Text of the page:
The Dairy Industry and the 2 Percent Solution

What's the carbon footprint of a glass of milk? It's more than a mere trivia question. Calculating, managing, and reducing the emissions of everyday products is a growing quest for companies across the business spectrum. But most products are multi-company affairs. So, it's one thing for a company to do this. It's altogether another thing to address climate change across an entire industry.

That's what's happening in the dairy industry, where a vast and complex web of players has come together to address their individual and collective climate -- um, hoofprint.

This week, the industry announced it has completed a carbon footprint study that measured the life-cycle greenhouse gas emissions associated with producing milk in the United States. Researchers followed the journey of a gallon of milk across its entire life-cycle: growing crops to feed cows; producing milk and delivering it to processors; processing, packaging and distributing it to retailers; and consumer use and waste.

That's a big task, made bigger by the fact that milk is produced in all 50 U.S. states by hundreds of large and small dairy farmers. Putting the information together was no doubt a gargantuan task. Figuring out what to do about it is even harder.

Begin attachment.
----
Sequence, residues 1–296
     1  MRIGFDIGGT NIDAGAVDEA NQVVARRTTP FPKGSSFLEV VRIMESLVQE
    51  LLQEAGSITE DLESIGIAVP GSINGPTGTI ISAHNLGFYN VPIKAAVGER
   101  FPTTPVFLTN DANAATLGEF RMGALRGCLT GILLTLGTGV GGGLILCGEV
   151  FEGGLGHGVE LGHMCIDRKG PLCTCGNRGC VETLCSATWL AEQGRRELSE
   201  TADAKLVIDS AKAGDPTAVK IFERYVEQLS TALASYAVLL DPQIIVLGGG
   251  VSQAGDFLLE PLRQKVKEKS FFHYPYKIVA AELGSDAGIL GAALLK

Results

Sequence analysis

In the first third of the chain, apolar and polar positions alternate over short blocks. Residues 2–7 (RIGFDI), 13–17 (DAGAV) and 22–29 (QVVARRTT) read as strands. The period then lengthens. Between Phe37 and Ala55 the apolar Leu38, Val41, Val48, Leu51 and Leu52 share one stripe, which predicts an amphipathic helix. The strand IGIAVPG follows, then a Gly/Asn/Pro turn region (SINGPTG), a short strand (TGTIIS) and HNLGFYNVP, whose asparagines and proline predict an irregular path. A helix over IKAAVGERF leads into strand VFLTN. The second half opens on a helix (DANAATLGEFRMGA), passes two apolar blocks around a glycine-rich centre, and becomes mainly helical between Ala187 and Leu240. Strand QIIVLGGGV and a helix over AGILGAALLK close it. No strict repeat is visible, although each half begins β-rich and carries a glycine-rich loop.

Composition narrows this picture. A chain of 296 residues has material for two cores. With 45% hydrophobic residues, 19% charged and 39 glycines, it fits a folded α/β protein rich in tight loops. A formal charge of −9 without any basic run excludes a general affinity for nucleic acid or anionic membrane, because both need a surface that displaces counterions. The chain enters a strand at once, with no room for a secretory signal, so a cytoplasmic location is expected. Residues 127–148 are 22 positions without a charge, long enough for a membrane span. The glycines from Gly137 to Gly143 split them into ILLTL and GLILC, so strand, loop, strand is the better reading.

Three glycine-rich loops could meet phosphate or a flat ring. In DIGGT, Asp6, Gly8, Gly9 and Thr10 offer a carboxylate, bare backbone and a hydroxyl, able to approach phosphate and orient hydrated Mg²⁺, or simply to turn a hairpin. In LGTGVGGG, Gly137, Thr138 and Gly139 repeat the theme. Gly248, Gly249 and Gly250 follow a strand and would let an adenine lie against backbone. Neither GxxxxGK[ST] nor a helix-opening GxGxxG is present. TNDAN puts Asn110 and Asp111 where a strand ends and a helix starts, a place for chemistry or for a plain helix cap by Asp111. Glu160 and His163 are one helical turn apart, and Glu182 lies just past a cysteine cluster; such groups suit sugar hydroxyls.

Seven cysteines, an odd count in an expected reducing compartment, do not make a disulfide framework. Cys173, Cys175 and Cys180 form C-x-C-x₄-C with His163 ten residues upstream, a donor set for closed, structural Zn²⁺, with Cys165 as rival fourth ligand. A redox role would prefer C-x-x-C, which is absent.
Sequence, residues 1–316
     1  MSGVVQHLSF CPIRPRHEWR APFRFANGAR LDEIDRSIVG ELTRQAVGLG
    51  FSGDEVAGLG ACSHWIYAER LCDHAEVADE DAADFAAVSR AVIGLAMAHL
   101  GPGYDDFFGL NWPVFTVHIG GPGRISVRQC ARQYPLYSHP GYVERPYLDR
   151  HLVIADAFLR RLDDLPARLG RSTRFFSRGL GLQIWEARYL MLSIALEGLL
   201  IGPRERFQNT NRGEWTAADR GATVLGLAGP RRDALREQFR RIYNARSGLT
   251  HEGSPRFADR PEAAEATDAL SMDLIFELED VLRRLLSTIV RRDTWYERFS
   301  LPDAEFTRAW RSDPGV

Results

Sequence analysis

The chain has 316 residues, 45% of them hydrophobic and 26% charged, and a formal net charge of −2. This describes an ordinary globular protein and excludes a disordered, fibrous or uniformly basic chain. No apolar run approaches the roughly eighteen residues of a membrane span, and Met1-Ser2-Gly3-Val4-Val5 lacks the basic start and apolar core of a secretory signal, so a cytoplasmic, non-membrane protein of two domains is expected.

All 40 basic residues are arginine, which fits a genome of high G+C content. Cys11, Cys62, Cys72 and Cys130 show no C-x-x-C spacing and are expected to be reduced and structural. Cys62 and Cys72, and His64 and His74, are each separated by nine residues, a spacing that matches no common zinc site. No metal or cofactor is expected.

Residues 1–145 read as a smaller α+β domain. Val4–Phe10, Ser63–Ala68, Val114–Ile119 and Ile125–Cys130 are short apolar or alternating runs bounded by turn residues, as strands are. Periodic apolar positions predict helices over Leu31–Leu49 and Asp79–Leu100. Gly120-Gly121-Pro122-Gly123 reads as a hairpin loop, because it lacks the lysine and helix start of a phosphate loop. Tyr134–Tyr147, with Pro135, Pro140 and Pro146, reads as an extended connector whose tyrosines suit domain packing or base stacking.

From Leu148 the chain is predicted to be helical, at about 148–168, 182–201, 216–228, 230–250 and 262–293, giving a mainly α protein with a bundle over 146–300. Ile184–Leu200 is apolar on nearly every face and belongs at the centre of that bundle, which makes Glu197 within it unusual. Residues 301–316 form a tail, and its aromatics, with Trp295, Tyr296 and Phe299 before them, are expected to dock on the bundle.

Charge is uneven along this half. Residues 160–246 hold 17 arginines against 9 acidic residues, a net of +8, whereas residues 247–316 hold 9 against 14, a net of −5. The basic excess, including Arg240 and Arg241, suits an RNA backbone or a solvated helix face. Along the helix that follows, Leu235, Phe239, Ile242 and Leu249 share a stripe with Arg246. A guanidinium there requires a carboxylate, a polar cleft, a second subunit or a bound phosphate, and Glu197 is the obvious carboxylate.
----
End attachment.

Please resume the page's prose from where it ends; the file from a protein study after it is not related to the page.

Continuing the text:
But the exercise underscores both the complexity of industrial systems and the need for collaboration to measure environmental impacts, share best practices, and optimize the entire process.

The milk study was conducted by the Applied Sustainability Center at the University of Arkansas on behalf of the Innovation Center for U.S. Dairy, a two-year-old trade group, and is being presented this week at the International Food LCA Conference. It involved 540 farms, more than 210,000 roundtrips of transportation, and 54 processing plants -- about one-fifth of the U.S. total.

It concluded that the U.S. dairy industry's greenhouse gas production is about 2 percent of total U.S. emissions. That's far less than others had estimated (a 2006 Food and Agriculture Organization study put the number at 18 percent), but it's still a significant contribution to global climate change -- roughly equal to that of the airline industry. The airline industry, for its part, has pledged to halve its emissions over the coming years, and other sectors are being pressed to account for and reduce their emissions. The milk industry has its own plans to squeeze carbon emissions out of its value chain -- 25 percent by 2020.

It's not simply a feel-good thing. The dairy industry has been feeling the heat. "Our customers -- major retailers and food channels -- want us to do better," Erin Fitzgerald, vice president of sustainability for the innovation center, told me recently. "Our consumers are demanding this." Other players in the beverage industry, like Coca-Cola and Pepsico, are making their own moves to address their carbon emissions. "Even the financial community is asking, 'Are you able to measure your impact and quantify it for the future?'" Beyond that, says Fitzgerald, "It makes good business sense. It's better to be self-directed than directed by others."